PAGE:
This Super Hot Stamper pressing has superb RCA Living Stereo sound, with an exceptionally clear, solid, tonally correct piano.
We recently did a major shootout for all of Beethoven’s Piano Concertos, pulling pressings from the three major Golden Age labels — RCA, London, Mercury — and this Fourth came out near the top of the heap. Most pressings of Rubinstein’s Beethoven concertos simply do not have this kind of open, big and bold sound. Side one earned a grade of A++ and side two was actually a bit better at A++ to A+++. That makes this a very special piano recording indeed.(more…)
3S/ 4S RCA Shaded Dog. The sound is actually quite decent when you INVERT the ABSOLUTE PHASE. If you cannot or will not do that, this record will not sound good — it’s somewhat hard and bright. It will never be a Top Shaded Dog but it is a good one with the absolute phase inverted.
This record is third in a series of masterpieces for violin and piano.
This exceptionally rare Shaded Dog pressing has AMAZING sound on side one, A+++, with side two rating a nearly as good sonic grade of A++. I can’t recall the last time I played a solo piano recording that was this transparent and lively. It’s shockingly realistic; this is what a piano sounds like in performance.
Well, almost. Rubinstein’s recordings never manage to convey all the weight of a real concert grand piano — as if any home stereo could anyway — but this recording is still relatively full-bodied. What it is more than anything else is REAL sounding. You will quickly forget that you are listening to a record at all.(more…)
Harry Pearson put this recording on his TAS List of Super Disc LPs, and with good reason — the sound is wonderfully relaxed and natural. This is no Hi-Fi Spectacular, as is the case with so many of the records on his list. (Hey, we like our Demo Discs every bit as much as he does; just not the same ones. SR 90006 and LSC 2225 on Classic? Really?)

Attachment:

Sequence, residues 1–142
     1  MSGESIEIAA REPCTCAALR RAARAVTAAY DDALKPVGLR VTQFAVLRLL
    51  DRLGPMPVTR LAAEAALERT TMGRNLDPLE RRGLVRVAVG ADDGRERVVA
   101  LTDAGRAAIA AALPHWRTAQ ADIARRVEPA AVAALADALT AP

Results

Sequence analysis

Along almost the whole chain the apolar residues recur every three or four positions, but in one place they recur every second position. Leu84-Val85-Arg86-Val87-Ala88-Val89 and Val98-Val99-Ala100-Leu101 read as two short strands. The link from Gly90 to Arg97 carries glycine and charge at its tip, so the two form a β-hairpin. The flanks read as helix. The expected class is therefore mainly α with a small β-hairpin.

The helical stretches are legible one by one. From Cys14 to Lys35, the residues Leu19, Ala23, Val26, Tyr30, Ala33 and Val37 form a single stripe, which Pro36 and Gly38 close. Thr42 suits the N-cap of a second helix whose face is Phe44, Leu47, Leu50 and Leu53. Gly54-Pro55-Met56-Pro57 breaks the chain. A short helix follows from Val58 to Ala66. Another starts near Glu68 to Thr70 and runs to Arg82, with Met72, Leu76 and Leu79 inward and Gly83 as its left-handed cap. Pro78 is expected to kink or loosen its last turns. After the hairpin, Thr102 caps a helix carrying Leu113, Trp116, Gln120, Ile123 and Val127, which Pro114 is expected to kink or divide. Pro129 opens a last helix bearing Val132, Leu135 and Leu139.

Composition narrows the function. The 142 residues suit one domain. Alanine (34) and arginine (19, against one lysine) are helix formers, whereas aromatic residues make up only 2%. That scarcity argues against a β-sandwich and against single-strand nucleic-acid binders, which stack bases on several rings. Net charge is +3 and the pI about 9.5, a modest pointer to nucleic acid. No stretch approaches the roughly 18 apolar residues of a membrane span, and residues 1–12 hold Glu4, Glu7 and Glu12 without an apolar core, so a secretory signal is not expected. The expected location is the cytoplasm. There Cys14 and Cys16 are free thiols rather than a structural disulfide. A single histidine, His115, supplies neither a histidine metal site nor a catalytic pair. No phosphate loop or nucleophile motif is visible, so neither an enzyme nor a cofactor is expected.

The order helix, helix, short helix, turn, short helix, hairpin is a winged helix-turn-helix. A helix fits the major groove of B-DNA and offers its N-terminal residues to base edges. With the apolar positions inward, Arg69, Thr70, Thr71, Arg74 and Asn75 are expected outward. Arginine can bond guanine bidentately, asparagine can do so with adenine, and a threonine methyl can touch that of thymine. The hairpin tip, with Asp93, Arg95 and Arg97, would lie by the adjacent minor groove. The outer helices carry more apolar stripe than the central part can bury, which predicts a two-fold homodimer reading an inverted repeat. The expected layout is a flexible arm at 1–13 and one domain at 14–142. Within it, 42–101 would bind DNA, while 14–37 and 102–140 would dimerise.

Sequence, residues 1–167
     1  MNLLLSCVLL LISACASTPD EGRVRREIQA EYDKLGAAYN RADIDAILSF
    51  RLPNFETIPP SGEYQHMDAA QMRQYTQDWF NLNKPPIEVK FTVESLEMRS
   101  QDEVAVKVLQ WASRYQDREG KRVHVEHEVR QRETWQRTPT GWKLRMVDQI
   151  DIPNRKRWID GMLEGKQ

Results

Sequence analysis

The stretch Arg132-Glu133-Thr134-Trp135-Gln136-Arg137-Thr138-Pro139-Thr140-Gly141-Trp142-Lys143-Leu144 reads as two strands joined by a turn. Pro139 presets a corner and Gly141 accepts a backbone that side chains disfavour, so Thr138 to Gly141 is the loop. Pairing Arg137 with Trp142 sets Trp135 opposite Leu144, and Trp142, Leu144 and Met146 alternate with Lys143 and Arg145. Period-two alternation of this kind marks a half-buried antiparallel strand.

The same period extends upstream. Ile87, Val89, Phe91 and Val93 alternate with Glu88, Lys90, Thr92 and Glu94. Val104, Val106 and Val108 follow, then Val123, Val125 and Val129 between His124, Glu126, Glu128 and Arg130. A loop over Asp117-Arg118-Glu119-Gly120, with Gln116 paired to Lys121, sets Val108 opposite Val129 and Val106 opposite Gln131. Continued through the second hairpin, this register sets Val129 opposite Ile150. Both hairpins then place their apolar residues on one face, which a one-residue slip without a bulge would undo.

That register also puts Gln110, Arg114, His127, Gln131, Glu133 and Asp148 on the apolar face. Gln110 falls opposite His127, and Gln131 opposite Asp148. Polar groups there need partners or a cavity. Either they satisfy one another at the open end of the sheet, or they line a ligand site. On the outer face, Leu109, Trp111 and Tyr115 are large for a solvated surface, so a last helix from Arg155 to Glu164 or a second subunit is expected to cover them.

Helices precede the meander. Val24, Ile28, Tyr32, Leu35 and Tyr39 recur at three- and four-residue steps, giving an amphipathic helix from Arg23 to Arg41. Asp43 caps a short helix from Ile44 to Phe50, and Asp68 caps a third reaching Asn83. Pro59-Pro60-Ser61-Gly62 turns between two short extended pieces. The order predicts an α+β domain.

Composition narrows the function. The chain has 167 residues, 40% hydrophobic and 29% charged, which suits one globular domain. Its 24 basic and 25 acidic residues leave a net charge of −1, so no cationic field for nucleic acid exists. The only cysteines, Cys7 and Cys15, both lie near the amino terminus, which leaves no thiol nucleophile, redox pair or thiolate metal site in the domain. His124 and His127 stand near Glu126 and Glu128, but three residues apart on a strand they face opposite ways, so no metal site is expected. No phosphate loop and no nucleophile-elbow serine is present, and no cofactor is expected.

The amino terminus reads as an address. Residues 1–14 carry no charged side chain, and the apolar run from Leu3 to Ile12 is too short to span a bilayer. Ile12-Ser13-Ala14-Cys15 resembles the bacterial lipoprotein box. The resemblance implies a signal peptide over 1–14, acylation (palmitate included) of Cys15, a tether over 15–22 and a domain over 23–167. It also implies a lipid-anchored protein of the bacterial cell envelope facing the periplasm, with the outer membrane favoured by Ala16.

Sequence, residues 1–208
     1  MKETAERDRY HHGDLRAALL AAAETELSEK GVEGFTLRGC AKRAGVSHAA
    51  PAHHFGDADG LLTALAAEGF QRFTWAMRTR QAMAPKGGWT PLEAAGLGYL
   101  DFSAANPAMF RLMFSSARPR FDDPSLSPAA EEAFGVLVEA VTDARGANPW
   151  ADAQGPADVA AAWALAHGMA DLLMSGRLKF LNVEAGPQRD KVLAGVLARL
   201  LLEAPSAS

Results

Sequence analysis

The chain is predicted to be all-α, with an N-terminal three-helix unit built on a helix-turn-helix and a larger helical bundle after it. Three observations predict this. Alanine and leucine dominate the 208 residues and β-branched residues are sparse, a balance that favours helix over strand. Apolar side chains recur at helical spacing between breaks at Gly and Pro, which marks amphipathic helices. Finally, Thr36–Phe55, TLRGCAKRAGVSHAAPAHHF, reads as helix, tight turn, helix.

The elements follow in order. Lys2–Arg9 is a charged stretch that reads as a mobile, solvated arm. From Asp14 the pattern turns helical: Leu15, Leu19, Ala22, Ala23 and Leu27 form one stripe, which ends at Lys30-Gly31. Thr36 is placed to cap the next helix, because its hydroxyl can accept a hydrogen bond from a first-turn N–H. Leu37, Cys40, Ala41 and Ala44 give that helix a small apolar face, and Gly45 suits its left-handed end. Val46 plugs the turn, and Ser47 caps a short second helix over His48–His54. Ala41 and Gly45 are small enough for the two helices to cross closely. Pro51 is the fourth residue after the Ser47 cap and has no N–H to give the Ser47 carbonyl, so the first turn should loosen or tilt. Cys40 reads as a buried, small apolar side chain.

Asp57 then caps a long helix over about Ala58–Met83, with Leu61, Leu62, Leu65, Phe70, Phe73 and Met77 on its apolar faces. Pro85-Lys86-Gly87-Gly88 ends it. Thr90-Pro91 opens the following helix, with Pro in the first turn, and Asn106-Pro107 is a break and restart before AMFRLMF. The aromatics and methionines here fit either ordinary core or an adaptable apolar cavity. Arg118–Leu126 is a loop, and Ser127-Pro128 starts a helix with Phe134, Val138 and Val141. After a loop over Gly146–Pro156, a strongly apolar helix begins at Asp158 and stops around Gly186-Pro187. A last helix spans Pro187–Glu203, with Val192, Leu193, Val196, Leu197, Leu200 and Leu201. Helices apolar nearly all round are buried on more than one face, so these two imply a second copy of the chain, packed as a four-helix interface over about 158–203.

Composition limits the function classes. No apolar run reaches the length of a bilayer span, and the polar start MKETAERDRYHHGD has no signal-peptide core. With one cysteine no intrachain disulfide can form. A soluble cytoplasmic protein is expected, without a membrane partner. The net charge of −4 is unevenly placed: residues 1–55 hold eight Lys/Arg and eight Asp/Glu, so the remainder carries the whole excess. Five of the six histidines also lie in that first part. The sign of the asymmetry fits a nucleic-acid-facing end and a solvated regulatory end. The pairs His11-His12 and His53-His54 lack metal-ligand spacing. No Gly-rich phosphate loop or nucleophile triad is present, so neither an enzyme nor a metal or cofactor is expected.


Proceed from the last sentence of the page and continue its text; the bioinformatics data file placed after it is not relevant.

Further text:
Side two of this White Dog pressing has Super Hot Stamper sound, and side one is not far behind with a sonic grade of A+ to A++. The richness of the strings, a signature sound for RCA in the Living Stereo era, is displayed here beautifully for fans of the classical Golden Age. It’s practically impossible to hear that kind of string sound on any recording made in the last thirty years. It may be a lost art but as long as we have these wonderful vintage pressings to play it’s an art that will not be lost on us. (more…)
Side one is White Hot, with some of the best 1959 Living Stereo we’ve ever heard. Explosive dynamics, HUGE space and size, with unerringly correct tonality, this is a Demo Disc like no other. When “in -the-know” audiophiles discuss soundstaging and depth, they had better be talking about a record that sounds like this. Shockingly real – proof positive that the cutting systems of the day are capable of much better sound than we normally assume.
This reasonably quiet RCA Shaded Dog LP has DEMONSTRATION QUALITY SOUND on BOTH sides. It is without a doubt THE best sounding copy we have ever heard*.(more…)
Folks, what we are offering here is THE SLEEPER Hot Stamper pressing of all time. Side one earned an amazingly good grade of A++ with side two every bit as good. The buyer of this album is going to be SHOCKED when he sees what pressing it is.
For those of you who cherish pressings for their best sound and performances — as opposed to the typical audiophile collector who prefers the “right” original labels on his records, of course produced only in the “right” countries — this is the record for you.
Hold it up for your (right-thinking or otherwise) audiophile friends to witness before you put it on your table and BLOW THEIR MINDS.
How did this kind of sound get produced so cheaply, so late in the game? From what tape, by what engineer? It is a mystery to me, one that is very unlikely to be explained. (more…)
This is an EXCEPTIONALLY GOOD SOUNDING Shaded Dog pressing with fairly quiet vinyl. What’s surprising about this is how transparent and low distortion it is. Just as with Destination Stereo (LSC 2307), the excerpts here frequently sound better than they do on the original complete performances. Rubinstein’s piano is solid and clear sounding, which is rarely the case, especially for his Beethoven concertos. Those almost never sound good, but the excerpt here for Concerto #3 is excellent.
This is the earlier pressing, which stretches the Rachmaninoff piece over both sides of the record, resulting in a more dynamic pressing. The sound is tonally right on the money with the superb, rich, sweetly textured strings we have come to expect from RCA in this period. The piano has exquisite tone as well. This is a lovely, lyrical piece of music and the natural sound conveys the qualities of the work perfectly.